In what ultimately may be their most significant
discovery yet, Mars scientists say high-resolution
pictures showing layers of sedimentary rock paint a
portrait of an ancient Mars that long ago may have
featured numerous lakes and shallow seas.

“We see distinct, thick layers of rock within
craters and other depressions for which a number of lines
of evidence indicate that they may have formed in lakes
or shallow seas. We have never before had this type of
irrefutable evidence that sedimentary rocks are
widespread on Mars,” said Dr. Michael Malin,
principal investigator for the Mars Orbiter Camera on
NASA’s Mars Global Surveyor spacecraft at Malin Space
Science Systems (MSSS), San Diego, CA. “These images
tell us that early Mars was very dynamic and may have
been a lot more like Earth than many of us had been

Such layered rock structures where there were once
lakes are common on Earth. The pancake-like layers of
sediment compressed and cemented to form a rock record of
the planet’s history.

The regions of sedimentary layers on Mars are spread
out and scattered around the planet. They are most common
within impact craters of Western Arabia Terra, the
inter-crater plains of northern Terra Meridiani, the
chasms of the Valles Marineris, and parts of the
northeastern Hellas Basin rim. The scientists compare the
rock layers on Mars to features seen in the American
Southwest, such as the Grand Canyon and the Painted
Desert of Arizona.

“We caution that the Mars images tell us that the
story is actually quite complicated and yet the
implications are tremendous. Mars has preserved for us,
in its sedimentary rocks, a record of events unlike any
that occur on the planet today,” said Dr. Ken Edgett,
staff scientist at MSSS. “This is changing the way we
think about the early history of Mars — a time perhaps
more than 3.5 billion years ago.”

“On Earth, sedimentary rocks preserve the surface
history of our planet, and within that history, the
fossil record of life. It is reasonable to look for
evidence of past life on Mars in these remarkably similar
sedimentary layers,” said Malin. “What is new in
our work is that Mars has shown us that there are many
more places in which to look, and that these materials
may date back to the earliest times of Martian

Malin added, “I have not previously been a vocal
advocate of the theory that Mars was wet and warm in its
early history. But my earlier view of Mars was really
shaken when I saw our first high-resolution pictures of
Candor Chasma. The nearly identically thick layers would
be almost impossible to create without water.”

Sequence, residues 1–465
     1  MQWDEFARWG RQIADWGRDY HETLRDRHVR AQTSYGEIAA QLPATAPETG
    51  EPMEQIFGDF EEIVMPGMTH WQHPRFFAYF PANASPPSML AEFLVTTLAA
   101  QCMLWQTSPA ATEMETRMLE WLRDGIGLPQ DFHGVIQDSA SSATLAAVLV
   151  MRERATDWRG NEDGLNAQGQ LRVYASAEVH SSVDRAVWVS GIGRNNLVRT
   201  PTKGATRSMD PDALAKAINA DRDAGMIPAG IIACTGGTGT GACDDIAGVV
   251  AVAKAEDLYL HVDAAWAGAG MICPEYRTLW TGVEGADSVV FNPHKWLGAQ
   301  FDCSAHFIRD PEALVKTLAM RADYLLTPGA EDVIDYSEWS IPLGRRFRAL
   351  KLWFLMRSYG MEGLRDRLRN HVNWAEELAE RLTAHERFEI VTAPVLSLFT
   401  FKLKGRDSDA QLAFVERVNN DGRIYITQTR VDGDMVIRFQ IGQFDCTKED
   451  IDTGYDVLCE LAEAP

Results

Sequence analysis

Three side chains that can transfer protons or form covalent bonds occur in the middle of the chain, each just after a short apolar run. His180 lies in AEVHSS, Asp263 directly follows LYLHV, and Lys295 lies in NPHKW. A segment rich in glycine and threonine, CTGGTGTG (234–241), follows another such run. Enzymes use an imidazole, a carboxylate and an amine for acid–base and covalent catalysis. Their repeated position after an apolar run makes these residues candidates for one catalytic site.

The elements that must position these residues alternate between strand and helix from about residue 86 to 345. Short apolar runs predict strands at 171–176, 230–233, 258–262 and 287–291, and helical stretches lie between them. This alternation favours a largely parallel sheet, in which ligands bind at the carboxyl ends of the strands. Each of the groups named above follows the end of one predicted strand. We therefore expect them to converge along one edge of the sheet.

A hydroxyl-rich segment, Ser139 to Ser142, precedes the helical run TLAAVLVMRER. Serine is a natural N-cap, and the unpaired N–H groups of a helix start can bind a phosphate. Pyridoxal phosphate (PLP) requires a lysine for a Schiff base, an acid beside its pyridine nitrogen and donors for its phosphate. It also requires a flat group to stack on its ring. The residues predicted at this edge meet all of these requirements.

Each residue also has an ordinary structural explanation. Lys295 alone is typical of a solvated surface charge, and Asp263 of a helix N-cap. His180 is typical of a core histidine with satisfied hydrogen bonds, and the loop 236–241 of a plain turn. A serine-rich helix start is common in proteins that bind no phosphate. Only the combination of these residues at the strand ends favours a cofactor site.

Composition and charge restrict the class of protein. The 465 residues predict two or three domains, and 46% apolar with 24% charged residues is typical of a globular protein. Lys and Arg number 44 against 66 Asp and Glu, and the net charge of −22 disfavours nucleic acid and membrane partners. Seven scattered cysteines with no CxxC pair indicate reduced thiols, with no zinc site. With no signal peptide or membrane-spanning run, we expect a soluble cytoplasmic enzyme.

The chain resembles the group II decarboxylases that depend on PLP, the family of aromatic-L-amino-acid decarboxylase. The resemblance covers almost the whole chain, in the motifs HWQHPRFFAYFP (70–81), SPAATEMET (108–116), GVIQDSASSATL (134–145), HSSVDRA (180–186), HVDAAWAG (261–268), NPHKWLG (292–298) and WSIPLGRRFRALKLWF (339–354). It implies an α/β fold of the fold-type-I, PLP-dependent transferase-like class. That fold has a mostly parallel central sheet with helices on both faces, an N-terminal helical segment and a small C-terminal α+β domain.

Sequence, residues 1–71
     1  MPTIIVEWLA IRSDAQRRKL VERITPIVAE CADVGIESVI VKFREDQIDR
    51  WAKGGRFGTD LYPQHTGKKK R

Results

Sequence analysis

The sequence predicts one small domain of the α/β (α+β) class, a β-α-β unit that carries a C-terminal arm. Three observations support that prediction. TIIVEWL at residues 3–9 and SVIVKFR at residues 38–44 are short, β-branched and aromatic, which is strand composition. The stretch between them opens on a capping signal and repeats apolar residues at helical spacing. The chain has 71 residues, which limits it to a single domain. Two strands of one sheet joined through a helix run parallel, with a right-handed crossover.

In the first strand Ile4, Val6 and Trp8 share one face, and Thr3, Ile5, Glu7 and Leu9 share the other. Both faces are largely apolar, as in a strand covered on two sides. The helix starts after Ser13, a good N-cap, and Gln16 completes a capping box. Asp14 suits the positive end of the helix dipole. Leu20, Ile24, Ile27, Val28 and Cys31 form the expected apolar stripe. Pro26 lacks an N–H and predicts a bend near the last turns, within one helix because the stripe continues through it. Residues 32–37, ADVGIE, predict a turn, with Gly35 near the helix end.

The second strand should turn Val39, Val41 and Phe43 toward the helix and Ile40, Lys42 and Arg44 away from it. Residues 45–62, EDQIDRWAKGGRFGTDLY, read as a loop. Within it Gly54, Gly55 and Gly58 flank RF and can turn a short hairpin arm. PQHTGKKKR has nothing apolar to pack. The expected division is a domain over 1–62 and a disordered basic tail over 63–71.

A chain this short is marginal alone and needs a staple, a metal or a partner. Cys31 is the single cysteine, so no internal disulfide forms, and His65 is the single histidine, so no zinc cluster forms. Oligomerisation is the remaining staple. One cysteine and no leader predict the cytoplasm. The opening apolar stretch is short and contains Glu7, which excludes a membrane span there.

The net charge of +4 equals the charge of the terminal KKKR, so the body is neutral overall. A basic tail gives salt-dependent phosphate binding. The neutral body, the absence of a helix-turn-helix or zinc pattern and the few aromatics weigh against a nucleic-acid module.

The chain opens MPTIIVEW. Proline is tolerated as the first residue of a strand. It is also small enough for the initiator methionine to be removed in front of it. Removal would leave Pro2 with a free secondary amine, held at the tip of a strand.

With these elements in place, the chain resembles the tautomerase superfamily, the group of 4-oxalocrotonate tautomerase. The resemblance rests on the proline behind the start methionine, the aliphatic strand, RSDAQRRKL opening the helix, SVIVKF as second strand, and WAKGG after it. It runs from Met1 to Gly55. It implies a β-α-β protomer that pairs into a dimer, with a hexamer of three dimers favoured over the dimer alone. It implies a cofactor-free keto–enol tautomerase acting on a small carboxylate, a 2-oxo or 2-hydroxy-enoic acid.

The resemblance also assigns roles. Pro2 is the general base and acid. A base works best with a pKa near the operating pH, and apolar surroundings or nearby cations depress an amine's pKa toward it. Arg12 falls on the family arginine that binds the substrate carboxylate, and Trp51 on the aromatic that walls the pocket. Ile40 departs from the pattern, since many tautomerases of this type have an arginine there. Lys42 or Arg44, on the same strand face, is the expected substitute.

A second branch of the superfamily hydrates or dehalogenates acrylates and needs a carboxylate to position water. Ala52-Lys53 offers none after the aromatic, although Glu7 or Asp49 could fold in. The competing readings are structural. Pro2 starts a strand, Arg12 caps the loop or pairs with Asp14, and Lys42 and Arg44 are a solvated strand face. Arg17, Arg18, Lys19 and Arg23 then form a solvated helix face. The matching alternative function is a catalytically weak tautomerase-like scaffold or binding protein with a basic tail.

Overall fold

As an alternative to lakes, Malin and Edgett suggest
that a denser atmosphere on early Mars could have allowed
greater amounts of windborne dust to settle out on the
surface in ways that would have created the sedimentary

“We have only solved one little piece of a
tremendous puzzle,” Malin said. “There is no
illustration on the box to show us what it is supposed to
look like when it is completed and we are sure most of
the pieces are missing.”

“These latest findings from the Mars Global
Surveyor tell us that more study both from orbit and at
the surface is needed to decipher the tantalizing history
of water on Mars,” said Dr. Jim Garvin, Mars
Exploration Program Scientist at NASA Headquarters.
“Our scientific strategy of following the water by
seeking, conducting in situ studies, and ultimately
sampling will follow up on these latest discoveries about
Mars, and adapt to the new understanding.”

“Mars seems to continually amaze us with
unexpected discoveries,” said Dr. Edward Weiler,
Associate Administrator for Space Science at NASA
Headquarters. “This finding just might be the key to
solving some of the biggest mysteries on Mars, and it
also tells us that our new Mars exploration program needs
the flexibility to follow up in a carefully thought-out

“The finding of layered sedimentary deposits is
something that biologists have been hoping for,” said
Dr. Ken Nealson, director of the Center for Life
Detection at NASA’s Jet Propulsion Laboratory (JPL),
Pasadena, CA. “Perhaps the favorite sites for
biologists to search for fossils or evidence of past life
on Earth are layered lake or oceanic sediments such as in
these sites Malin and Edgett describe.”

The Mars Global Surveyor mission is managed by JPL
for NASA’s Office of Space Science, Washington, DC. Malin
Space Science Systems built and operates the camera
system. Lockheed Martin Astronautics, Denver, CO,
developed and operates the spacecraft.

Images for this release are available at:

Information on the Mars Global Surveyor is available